The nature in general and our own psyche in particular are very crafty in creating states we know little about. People constantly experience something unusual, and a lot has already been studied and named in honor of famous writers, artists, book characters, psychiatrists and other individuals. And it is not a bad idea for us, as educated people, to learn about when and what kind of trick our body will come up with next.
This article presents 15 interesting syndromes, and this information will help us in becoming more knowledgeable and understanding of the way in which the human body functions.
1. Stendhal Syndrome
The Stendhal Syndrome involves dizziness, fainting, heart palpitations and sometimes hallucinations when an individual is surrounded by fine artwork or incredibly beautiful scenery.
The name of the syndrome is based on one of the books by the French writer Stendhal, in which he described his emotions while visiting Florence: “When I left the Church of the Holy Cross, my heart was pounding, I thought that life had slowly drained out, I walked being afraid to fall on the ground … I had seen masterpieces born by the energy of passion, when everything else becomes meaningless, unimportant, limited, just as when the wind of passion stops pushing on the sails, which move the human soul, then it becomes devoid of passion and, therefore, its vices and virtues”.
2. Van Gogh syndrome
We bet you are thinking about the artist’s ear? And you are almost correct. This syndrome is expressed by the fact that a patient is very insisting on going through a surgery, or even, frightful to know, will attempt to perform surgery on himself.
3. French Brothel Syndrome
It is an amazing ability of women that spend a lot of time together to synchronize their menstrual cycles after a short period of time spent together. Scientists say that pheromones that the women detect in the air are the culprit. And one more interesting fact. Cycles of all women adjust to the cycle of the alpha female, even though sometimes this female does not even exist.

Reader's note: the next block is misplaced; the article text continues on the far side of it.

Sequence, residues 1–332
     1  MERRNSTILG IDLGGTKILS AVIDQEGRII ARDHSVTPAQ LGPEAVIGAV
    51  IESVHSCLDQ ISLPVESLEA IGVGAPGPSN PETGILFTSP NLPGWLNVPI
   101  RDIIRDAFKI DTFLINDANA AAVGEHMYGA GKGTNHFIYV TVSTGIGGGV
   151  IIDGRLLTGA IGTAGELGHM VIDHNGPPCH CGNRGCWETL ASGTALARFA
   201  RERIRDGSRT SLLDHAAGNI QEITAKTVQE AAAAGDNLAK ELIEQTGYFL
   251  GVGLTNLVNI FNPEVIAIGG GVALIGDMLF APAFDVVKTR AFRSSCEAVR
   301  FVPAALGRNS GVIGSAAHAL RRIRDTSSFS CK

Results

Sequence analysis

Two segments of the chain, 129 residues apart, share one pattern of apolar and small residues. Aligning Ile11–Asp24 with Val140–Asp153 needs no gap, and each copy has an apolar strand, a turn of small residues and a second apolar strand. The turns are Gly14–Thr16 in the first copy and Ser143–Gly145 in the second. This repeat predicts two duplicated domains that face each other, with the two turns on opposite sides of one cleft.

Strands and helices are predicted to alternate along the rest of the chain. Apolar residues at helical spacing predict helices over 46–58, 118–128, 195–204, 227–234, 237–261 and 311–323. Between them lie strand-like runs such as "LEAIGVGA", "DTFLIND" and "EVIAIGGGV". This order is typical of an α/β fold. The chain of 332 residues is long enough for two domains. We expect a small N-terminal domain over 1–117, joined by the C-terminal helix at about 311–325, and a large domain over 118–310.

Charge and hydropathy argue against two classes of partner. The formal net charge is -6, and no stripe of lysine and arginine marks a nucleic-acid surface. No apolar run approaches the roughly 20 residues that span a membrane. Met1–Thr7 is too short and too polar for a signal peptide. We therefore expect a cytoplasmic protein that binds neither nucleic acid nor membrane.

4. Jerusalem Syndrome
This kind of megalomania, which occurs only in Jerusalem. A tourist, who arrived in the ancient city for religious purposes, or on pilgrimage, suddenly decides that he or she is endowed with divine and prophetic abilities. He or she is the one who has to save the world. An indispensable addition to a variety of symptoms is their theatricality in speech and gestures.
This syndrome is ranked as a psychosis and requires involuntary hospitalization.
Another trick of an unstable nervous system is also played out in a special place. It most commonly affects calm and polite Japanese tourists. They go to the proverbial land of dreams, shrouded in an aura of romance and street cafes, but end up in a quite aggressive city with swarms of immigrants, no one really wants to pamper them, people are rude and streets are filled with theft. Because of this, about 20 Japanese a year suffer from acute delirious thinking, feel being stalked, detached from reality, or their own personality, experience anxiety and other mental issues. The best way to treat the Paris syndrome is to immediately send the sufferer home.
6. Genovese Syndrome
Also known as “bystander effect.” People who witnessed extraordinary circumstances often try to stay away from helping the victims. The likelihood that any of the witnesses will help the victim decreases as more people will just stand there and watch. One of the main ways to cope with this effect and hope for help is picking a person randomly from the crowd and personally asking him for help.
7. Adele syndrome
This is a consuming love obsession or longing for love and romance, hurtful passion without reciprocity. This syndrome got its name because of a real story that happened to the daughter of Victor Hugo, Adele.
Adele met an English lieutenant Albert Pinson and immediately decided that he is a man of her life. We cannot say for sure whether he was a heartless scoundrel who betrayed her feelings, or a victim of erotic inclinations. In any event, Pinson has not reciprocated, regardless of her beauty, nor her father’s fame. Adele chased him around the world, lied to everyone that they are already married, and in the end became completely insane.